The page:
The topic of spotting spiritual abuse has been ricocheting in my heart and head for many years. But recently, I’ve noticed a greater influx of reader email about this topic, so much so that I felt it would be wise to address it. Although I am thankful I haven’t had an extreme experience with spiritual abuse, I have had some incidences that have scarred me and made me leery of churches and ministries that bully.
Some of my spiritual abuse experiences include:
• A leader above me telling me that even though I was burned out and losing my health, I had to stay in the ministry because if I didn’t I would lose all my gifting to do future ministry.
• A church that repeatedly told us they basically had the corner on the market of Jesus and that if we had to go elsewhere, we would miss God’s highest.
• A leader who found ministry to be a vehicle for his great gain, lying and manipulating donors to earn more and more money.
• A ministry that shamed me into throwing away all my evil music (including Lionel Ritchie and Duran Duran…oh the evil!).
• A leader who cornered me, threatened me and yelled because I brought up a concern that others saw. This led to panic attacks.
Perhaps you have a story to tell, too.
I woke up last night at 3 in the morning with this burden I couldn’t shake. I sat down and wrote these traits of spiritually abusive ministries and churches. This is not an exhaustive list, but it typifies what happens. Often, you don’t realize you’re in a situation until your health is damaged, your soul is torn or your outside relationships suffer. My heart in sharing this is to simply shed light on unhealthy, manipulative, controlling practices.
Spiritually abusive ministries…
1. Have a distorted view of respect. They forget the simple adage that respect is earned, not granted. Abusive leaders demand respect without having earned it by good, honest living.
2. Demand allegiance as proof of the follower’s allegiance to Christ. It’s either his/her way or no way. And if a follower deviates, he is guilty of deviating from Jesus.
3. Use exclusive language. “We’re the only ministry really following Jesus.” “We have all the right theology.” Believe their way of doing things, thinking theologically, or handling ministry and church is the only correct way. Everyone else is wrong, misguided or stupidly naive.
4. Create a culture of fear and shame. Often, there is no grace for someone who fails to live up to the church’s or ministry’s expectation. And if someone steps outside of the often-unspoken rules, leaders shame them into compliance. Can’t admit failure but often searches out failure in others and uses that knowledge to hold others in fear and captivity. They often quote Scriptures about not touching God’s anointed or bringing accusations against an elder. Yet they often confront sin in others, particularly ones who bring up legitimate biblical issues. Or they have their circle of influence take on this task, silencing critics.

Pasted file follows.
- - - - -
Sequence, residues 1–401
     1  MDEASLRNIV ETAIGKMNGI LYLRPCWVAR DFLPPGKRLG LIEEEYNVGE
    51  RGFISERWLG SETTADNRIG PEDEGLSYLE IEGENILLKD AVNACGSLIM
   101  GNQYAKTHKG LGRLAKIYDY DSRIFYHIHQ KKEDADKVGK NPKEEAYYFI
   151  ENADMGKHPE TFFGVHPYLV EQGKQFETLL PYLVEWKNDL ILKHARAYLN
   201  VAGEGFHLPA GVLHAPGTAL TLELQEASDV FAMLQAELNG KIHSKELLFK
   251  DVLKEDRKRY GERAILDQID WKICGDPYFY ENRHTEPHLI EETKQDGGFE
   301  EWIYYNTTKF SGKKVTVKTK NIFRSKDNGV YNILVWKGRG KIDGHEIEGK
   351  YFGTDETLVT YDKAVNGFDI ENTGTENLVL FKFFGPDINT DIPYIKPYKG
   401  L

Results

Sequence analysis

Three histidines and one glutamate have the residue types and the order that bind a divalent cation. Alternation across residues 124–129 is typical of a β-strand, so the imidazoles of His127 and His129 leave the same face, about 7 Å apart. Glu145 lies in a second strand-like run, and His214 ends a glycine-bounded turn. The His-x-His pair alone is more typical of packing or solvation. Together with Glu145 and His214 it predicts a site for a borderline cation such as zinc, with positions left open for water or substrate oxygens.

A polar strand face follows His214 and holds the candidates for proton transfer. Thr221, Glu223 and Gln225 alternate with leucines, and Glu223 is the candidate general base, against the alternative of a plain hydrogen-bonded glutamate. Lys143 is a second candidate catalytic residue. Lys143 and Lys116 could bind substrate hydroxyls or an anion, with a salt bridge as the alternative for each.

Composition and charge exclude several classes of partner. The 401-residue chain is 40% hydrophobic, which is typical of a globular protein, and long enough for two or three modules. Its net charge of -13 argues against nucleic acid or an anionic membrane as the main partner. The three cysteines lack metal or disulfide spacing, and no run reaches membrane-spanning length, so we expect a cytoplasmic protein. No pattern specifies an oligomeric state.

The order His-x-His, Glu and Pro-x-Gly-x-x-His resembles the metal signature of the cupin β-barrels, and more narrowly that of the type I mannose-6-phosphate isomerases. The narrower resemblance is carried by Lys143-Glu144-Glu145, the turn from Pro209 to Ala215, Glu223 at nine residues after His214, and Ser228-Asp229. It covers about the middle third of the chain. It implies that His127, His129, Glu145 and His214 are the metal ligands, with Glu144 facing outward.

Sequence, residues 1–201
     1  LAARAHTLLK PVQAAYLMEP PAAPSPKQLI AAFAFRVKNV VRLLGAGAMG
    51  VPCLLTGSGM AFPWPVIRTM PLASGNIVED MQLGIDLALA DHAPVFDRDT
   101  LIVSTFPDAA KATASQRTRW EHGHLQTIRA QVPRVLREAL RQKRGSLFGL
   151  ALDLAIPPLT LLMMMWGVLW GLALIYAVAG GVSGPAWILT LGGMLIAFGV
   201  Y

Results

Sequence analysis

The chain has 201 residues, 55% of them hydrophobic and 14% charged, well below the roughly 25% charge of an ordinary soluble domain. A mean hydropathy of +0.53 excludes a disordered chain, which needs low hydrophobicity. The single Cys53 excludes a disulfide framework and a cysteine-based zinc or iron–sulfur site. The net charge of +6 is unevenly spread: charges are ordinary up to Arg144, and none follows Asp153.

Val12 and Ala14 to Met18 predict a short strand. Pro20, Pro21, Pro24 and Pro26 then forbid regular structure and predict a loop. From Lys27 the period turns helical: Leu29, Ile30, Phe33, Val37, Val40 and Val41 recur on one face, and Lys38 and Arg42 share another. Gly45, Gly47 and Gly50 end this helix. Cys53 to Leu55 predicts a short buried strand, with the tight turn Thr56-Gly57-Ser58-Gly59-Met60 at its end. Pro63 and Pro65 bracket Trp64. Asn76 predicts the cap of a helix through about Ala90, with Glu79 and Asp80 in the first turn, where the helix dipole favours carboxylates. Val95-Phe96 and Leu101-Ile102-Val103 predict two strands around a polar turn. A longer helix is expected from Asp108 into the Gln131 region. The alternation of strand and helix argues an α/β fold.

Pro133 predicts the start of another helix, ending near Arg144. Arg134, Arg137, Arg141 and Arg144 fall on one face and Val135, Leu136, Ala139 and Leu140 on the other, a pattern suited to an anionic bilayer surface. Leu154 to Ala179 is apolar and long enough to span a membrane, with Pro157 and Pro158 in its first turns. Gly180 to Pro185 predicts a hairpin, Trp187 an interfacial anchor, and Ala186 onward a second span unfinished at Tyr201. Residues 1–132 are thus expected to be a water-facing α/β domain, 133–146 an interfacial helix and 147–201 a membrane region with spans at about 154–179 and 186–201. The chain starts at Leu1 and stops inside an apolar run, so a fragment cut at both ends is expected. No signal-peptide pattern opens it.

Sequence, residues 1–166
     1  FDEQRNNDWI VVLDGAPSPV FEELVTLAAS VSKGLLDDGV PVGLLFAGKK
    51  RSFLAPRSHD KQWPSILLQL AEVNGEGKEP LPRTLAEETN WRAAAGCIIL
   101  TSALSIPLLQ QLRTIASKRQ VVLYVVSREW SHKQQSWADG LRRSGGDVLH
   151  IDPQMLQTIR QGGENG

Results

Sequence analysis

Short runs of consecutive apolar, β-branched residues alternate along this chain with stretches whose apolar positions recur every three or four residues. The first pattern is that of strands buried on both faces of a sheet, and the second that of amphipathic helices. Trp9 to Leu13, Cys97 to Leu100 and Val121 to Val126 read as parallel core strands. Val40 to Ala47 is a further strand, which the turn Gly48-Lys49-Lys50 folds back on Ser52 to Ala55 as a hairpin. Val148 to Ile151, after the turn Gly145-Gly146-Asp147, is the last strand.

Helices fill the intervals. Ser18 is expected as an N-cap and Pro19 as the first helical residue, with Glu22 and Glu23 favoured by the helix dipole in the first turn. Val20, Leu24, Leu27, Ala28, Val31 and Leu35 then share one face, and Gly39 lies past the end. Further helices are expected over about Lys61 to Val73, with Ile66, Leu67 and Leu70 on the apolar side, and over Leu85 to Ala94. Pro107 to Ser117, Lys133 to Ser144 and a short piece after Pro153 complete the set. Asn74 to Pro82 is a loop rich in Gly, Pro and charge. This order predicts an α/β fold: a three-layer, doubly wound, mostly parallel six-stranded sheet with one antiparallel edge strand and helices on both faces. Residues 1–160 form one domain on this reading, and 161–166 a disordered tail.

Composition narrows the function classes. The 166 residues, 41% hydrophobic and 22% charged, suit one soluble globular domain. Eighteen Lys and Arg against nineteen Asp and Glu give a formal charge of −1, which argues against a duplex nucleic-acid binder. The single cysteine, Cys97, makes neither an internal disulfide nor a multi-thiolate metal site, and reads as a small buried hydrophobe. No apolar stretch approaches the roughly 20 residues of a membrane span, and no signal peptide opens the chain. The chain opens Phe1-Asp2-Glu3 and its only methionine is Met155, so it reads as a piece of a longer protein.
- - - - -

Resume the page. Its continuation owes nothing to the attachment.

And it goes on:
5. Often have a charismatic leader at the helm who starts off well but slips into arrogance, protectionism and pride. Where a leader might start off being personable and interested in others’ issues, he/she eventually withdraws to a small group of “yes people” and isolates from the needs of others. Harbors a cult of personality, meaning if the central figure of the ministry or church left, the entity would collapse, as it was entirely dependent on one person to hold the place together.
6. Cultivate a dependence on one leader or leaders for spiritual information. Personal discipleship isn’t encouraged. Often the Bible gets pushed away to the fringes unless the main leader is teaching it.
7. Demand servanthood of their followers, but live prestigious, privileged lives. They live aloof from their followers and justify their extravagance as God’s favor and approval on their ministry. Unlike Jesus’ instructions to take the last seat, they often take the first seat at events and court others to grant them privileges.
8. Buffer him/herself from criticism by placing people around themselves whose only allegiance is to the leader. Views those who bring up issues as enemies. Those who were once friends/allies swiftly become enemies once a concern is raised. Sometimes, these folks are banished, told to be silent or shamed into submission.
9. Hold to outward performance but reject authentic spirituality. Places burdens on followers to act a certain way, dress an acceptable way and have an acceptable lifestyle.
10. Use exclusivity for allegiance. Followers close to the leader or leaders feel like insiders. Everyone else is on the outside, though they long to be in that inner circle.
Have you ever experienced this kind of situation? What did you do? How did you heal in the aftermath? And what can we do as responsible Christ followers to expose this kind of abuse? What can we do as leaders to follow in the gentle footsteps of Jesus?